International Mammalian Genome Society

The 16th International Mouse Genome Conference (2002)

Oral Presentation

Wednesday 20 November

16:30 - 16:45 HRS


Y Hirabayashi
Div. Cellular and Molecular Toxicology, National Institute of Health Sciences

Co-Authors: 1) Yoon BI, 1) Tsuboi I, 1) Huo Y, 1) Kodama Y, 2) Otto T, 1) Kanno J, 2) Willecke K,  3) Trosko JE, and Inoue T.
Institutions: 1) National Institute of Health Sciences, 2) Institut für Genetik, Bonn Universitaet, 3) Department of Pediatrics and Human Development, Michigan State University, College of Human Medicine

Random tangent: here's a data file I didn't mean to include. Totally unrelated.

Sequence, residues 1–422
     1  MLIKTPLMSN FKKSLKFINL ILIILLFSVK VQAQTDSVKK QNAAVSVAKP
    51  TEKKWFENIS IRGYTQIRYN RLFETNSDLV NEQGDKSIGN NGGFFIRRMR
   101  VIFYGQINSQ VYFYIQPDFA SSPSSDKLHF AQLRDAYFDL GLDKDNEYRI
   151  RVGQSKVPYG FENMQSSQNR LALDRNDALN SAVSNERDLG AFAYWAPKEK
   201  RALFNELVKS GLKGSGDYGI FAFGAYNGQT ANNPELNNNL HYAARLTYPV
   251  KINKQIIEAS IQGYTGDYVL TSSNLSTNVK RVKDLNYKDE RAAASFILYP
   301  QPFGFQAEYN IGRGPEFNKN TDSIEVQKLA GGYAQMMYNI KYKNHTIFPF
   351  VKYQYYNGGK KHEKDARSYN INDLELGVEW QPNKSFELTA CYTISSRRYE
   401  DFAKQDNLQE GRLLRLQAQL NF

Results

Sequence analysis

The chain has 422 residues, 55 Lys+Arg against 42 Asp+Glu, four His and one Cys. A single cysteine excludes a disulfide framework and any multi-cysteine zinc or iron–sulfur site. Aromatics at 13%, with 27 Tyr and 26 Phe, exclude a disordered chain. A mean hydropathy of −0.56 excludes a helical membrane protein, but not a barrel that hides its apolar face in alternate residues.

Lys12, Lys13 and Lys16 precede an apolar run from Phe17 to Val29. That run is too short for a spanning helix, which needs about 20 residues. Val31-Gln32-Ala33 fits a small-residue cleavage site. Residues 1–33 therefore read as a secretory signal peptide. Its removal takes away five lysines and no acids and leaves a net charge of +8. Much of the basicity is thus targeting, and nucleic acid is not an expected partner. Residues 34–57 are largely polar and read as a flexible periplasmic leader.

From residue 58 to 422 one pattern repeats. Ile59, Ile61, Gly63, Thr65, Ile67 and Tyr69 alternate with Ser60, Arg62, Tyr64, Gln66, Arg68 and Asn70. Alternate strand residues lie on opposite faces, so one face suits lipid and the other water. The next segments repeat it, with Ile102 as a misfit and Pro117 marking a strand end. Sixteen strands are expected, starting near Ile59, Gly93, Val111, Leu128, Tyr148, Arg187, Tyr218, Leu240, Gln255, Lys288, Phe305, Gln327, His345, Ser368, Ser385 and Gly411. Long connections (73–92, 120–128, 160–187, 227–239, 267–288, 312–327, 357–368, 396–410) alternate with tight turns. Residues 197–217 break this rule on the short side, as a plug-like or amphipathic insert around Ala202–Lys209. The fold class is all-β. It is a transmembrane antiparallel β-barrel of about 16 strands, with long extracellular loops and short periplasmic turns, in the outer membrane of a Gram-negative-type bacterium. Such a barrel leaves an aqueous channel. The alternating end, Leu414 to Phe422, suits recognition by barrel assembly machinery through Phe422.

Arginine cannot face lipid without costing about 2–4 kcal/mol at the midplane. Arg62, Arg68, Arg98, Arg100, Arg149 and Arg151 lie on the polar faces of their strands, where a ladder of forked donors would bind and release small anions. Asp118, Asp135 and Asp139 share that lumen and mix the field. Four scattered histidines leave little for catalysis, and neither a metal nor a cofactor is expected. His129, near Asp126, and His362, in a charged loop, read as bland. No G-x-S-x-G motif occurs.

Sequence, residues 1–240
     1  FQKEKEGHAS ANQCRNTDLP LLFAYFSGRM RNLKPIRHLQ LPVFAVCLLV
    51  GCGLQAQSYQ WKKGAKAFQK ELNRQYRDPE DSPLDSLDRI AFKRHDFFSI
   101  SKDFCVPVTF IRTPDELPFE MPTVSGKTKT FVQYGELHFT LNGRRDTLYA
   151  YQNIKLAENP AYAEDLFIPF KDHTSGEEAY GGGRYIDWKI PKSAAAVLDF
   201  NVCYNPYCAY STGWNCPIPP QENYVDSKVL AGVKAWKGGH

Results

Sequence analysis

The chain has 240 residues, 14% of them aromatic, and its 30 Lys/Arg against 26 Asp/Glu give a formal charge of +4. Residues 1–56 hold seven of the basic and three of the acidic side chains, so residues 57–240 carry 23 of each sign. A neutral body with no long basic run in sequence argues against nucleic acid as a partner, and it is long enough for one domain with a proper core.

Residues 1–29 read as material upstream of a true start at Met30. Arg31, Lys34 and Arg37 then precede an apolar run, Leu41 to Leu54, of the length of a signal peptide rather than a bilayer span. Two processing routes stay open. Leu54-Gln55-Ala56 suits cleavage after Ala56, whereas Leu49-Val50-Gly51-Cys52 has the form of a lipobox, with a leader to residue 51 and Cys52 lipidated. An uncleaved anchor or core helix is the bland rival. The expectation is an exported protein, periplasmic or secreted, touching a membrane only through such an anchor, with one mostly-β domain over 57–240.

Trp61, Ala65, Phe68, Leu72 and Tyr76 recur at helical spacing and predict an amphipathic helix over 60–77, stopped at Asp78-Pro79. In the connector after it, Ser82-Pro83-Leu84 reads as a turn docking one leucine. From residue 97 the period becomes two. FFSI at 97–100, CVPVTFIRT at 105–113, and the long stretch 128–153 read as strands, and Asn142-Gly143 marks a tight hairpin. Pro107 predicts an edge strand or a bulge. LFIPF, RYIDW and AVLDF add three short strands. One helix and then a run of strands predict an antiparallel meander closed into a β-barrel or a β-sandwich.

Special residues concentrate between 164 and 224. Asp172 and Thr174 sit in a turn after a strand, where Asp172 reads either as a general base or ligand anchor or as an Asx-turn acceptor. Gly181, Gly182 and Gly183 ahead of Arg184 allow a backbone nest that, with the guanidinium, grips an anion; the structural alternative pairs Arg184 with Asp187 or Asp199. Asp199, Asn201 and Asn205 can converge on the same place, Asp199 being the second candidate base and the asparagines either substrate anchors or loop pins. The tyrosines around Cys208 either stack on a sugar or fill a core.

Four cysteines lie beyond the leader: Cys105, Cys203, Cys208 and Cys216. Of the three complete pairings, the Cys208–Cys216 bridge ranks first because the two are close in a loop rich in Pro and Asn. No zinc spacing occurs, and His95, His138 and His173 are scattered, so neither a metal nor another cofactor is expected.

Several gap-junction (GJ) genes, connexins, have been shown to be involved with fundamental cellular functions, such as regulation of cell growth, cell differentiation, programmed cell death or apoptosis, and synchronization of electronic and metabolic functions of cells. Use of mice with various GJ genes, genetically “knocked out”, has also linked these genes to a number of diseases, including tumorigenesis and also embryonal lethality, heart defects, and sensory nerve disturbances including cochlear neuropathy. Furthermore, humans who inherit specific mutated gap junction genes are associated with a number of diseases; e.g. Connexin32 (Cx32) for the X-linked Charcot-Marie-Tooth Disease (CMTX). Indirect evidence, such as growth factors and chemicals that inhibit GJ function can inhibit cell death or apoptosis and stimulate cell growth on one hand and to encourage tumorigenesis on the other hand. Thus, in this study, a controversial question as to whether the role played by GJs is protective against or promotive of tumorigenesis is tried to answered, because a lack of GJs, on one hand, inhibits apoptosis of cell damaged by carcinogens, and, on the other hand, it is supposed that those potentially initiated and promoted cells undergo independent cell growth which may lead to tumorigenesis. This study, first of its kind, demonstrates that Cx32 functions in the bone marrow, and, when knocked out, thereby plays a role in leukemogenesis by encouraging a general neoplastic outcome after chemical carcinogen exposure. Thus, implications towards risks of potential induction of leukemia during a clinical course of the CMTX patient may not be accidental.

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